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Title:Virus spread over networks: Modeling, analysis, and control
Author(s):Pare, Philip E.
Director of Research:Beck, Carolyn L.
Doctoral Committee Chair(s):Beck, Carolyn L.
Doctoral Committee Member(s):Nedich, Angelia; Başar, Tamer; Srikant, Rayadurgam
Department / Program:Electrical & Computer Eng
Discipline:Electrical & Computer Engr
Degree Granting Institution:University of Illinois at Urbana-Champaign
Subject(s):Epidemic processes
Virus spread models
Network analysis and control
Networked systems
Stochastic systems
Time-varying systems
Time-varying networks
Network theory (graphs)
Biological system modeling
Data models
Mathematical model
John Snow's cholera data set
Validation of networked systems
Abstract:The spread of viruses in biological networks, computer networks, and human contact networks can have devastating effects; developing and analyzing mathematical models of these systems can provide insights that lead to long-term societal benefits. Basic virus models have been studied for over three centuries; however, as the world continues to become connected and networked in more complex ways, previous models no longer are sufficient. Therefore virus spread over networks is a newer research topic, which provides a compelling modeling technique to capture real world behavior, and interest from the control field has provided an exciting new outlook on the area. Prior research has focused mainly on network models with static graph structures; however, the systems being modeled typically have dynamic graph structures and have not been validated with real spread data over a network. In this dissertation, we consider virus spread models over networks with dynamic graph structures, and we investigate the behavior of these systems. We perform stability analyses of epidemic processes over time-varying networks, providing sufficient conditions for convergence to the disease free equilibrium (the origin, or healthy state), in both the deterministic and stochastic cases. We also explore the scenario of multiple viruses, in the case of competing viruses, including human awareness, and coupled competing viruses. We analyze the healthy state and the endemic states of these models over static and dynamic graph structures. Various control techniques are also proposed to mitigate virus spread in networks. Illustrative figures and simulations are presented throughout. No previous work has explored identification and validation of network dependent virus spread models, which is considered herein using two datasets: 1) John Snow's fundamental 1854 cholera dataset and 2) a 2009-2012 USDA farm subsidy dataset. We conclude by discussing current work and future research directions.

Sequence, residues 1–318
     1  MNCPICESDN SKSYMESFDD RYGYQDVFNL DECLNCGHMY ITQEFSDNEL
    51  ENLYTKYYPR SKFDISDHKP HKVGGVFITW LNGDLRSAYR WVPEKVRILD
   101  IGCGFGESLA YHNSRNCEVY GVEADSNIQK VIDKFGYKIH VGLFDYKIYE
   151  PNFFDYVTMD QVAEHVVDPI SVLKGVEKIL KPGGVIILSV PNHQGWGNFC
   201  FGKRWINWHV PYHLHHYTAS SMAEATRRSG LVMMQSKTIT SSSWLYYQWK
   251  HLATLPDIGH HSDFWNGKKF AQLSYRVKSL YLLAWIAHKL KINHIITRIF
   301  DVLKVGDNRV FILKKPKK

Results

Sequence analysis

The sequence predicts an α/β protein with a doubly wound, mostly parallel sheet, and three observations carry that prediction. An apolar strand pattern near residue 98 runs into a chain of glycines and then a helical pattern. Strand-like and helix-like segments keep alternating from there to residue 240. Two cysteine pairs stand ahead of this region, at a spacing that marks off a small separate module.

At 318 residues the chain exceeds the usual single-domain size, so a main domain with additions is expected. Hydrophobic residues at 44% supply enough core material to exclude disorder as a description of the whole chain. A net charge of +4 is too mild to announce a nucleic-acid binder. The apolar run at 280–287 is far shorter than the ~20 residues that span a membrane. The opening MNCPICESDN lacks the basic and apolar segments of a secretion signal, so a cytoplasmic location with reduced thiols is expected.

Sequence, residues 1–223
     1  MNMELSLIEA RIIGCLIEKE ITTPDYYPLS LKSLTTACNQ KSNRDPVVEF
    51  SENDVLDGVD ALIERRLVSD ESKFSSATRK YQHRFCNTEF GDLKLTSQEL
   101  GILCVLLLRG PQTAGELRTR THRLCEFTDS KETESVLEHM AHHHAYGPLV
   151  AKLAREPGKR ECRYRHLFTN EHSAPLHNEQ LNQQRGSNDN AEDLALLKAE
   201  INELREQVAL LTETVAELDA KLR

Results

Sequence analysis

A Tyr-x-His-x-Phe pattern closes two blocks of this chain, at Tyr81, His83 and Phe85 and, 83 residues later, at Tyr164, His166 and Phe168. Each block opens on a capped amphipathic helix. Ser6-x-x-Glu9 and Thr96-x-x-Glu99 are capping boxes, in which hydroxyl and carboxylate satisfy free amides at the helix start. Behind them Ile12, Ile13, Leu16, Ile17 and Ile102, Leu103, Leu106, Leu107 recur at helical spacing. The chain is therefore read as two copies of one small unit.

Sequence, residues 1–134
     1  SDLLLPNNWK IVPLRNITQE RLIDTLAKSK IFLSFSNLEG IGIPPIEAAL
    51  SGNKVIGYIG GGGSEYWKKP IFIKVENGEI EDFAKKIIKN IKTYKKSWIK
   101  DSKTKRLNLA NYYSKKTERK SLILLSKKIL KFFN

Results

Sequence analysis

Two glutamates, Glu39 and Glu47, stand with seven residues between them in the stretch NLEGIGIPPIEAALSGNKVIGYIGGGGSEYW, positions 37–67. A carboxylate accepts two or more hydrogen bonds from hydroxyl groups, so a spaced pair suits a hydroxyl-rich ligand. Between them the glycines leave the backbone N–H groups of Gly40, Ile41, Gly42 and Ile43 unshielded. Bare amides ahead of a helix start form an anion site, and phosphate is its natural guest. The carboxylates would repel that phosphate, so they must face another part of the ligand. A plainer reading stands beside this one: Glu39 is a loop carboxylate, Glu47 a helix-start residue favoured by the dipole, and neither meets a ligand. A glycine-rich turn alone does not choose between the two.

Issue Date:2018-11-19
Rights Information:Copyright 2018 Philip E. Pare
Date Available in IDEALS:2019-02-06
Date Deposited:2018-12

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